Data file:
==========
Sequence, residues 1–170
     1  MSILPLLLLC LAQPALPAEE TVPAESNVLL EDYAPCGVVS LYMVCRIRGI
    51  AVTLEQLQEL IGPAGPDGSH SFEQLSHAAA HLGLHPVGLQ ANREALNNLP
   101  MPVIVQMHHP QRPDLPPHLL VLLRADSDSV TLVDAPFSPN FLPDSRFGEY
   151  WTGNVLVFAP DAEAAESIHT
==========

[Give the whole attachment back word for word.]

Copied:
Sequence, residues 1–170
     1  MSILPLLLLC LAQPALPAEE TVPAESNVLL EDYAPCGVVS LYMVCRIRGI
    51  AVTLEQLQEL IGPAGPDGSH SFEQLSHAAA HLGLHPVGLQ ANREALNNLP
   101  MPVIVQMHHP QRPDLPPHLL VLLRADSDSV TLVDAPFSPN FLPDSRFGEY
   151  WTGNVLVFAP DAEAAESIHT